"When I pitched this, I pointed out there was a trend in the industry where the integrated service companies had largely taken their eyes off North America. Beyond that, further integration was occurring, and more companies were taking a geomarket approach. This continual integration of services had basically demoted ESP and production services within heavy drilling and pressure pumping-oriented organizations," he said.
Landing the talent
Once funding was in hand, Kenner began assembling an engineering and technical support staff. With the long-established behemoths scouring the industry for qualified personnel, the challenge of attracting highly specialized and experienced employees to a start-up company was formidable. Since operators can ill-afford to keep production offline because of malfunctioning artificial lift equipment, the new company required specialists with 20 to 40 years of ESP experience, making the search even more daunting.
Early on, Kenner said, Summit tended to attract highly experienced artificial lift and ESP experts who had become "demotivated" by the increased focus on integrated services or other noncore goals. According to the executive, the company successfully attracted a "high-caliber team" by fostering an environment that encouraged open debate and ingenuity. "The people we attract have worked with artificial lift and ESP systems their entire careers and welcome the opportunity to put their creative juices to work and add their own ingredients to a new organization," he said.
Engineered, multimarket approach
Unlike most newcomers to the artificial lift market, Summit focused on multiple US onshore markets while also implanting its own technical stamp rather than simply acquiring and running pre-manufactured ESP systems.
Kenner said early on it was decided a single-market focus would dramatically restrict the capacity of the company to attract top engineering and technical talent. Hence, the company chose to initially establish strategic operations in three key areas, which would effectively widen the available talent pool and set the foundation for future growth.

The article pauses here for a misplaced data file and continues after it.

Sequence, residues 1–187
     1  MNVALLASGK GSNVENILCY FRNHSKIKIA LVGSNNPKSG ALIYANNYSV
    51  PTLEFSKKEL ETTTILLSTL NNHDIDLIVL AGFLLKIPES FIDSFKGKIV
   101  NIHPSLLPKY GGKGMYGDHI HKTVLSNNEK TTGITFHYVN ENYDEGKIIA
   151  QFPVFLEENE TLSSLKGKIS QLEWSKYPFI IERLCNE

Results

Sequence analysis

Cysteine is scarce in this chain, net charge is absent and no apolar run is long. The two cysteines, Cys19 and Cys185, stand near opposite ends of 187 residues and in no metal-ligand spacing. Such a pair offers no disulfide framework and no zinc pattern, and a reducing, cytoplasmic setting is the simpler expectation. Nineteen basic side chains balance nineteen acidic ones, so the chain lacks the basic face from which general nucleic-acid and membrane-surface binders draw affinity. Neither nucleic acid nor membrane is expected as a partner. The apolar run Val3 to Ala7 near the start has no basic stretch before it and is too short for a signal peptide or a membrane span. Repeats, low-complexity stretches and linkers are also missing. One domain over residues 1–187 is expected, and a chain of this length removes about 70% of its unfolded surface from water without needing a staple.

In contrast to the mainstream approach of new entrants to the artificial lift market, the company chose a more engineered and operational strategy that centered on buying components to its specifications, which in turn are further modified and assembled according to its proprietary methods. To ensure reliability and quality, Kenner said many components of the basic three-phase induction motors, multistage centrifugal pumps, and other surface and downhole equipment undergo what he terms, "American modifications."
"Starting off, we acquired some initial technology, upgraded it, and are now working on second-generation clean-sheet designs," he explained. "Our approach was to put the infrastructure in place and immediately open using technology we could upgrade over time. Then, in another year, launch with all of our technology, of which we already have applied for four patents with a fifth in development."
Growth on track
Initial customer response following the opening of the Midland facility suggests the company is on pace to achieve its North American goals. While assuming its core customer base initially would comprise the smaller independent operators, Kenner said Summit executives were pleasantly surprised with myriad opportunities presented by super majors, including potential major industry R&D programs.
Following the opening of the Wyoming facility later this year, further expansion plans include the establishment of a physical presence in Alberta, Western Canada, and South America.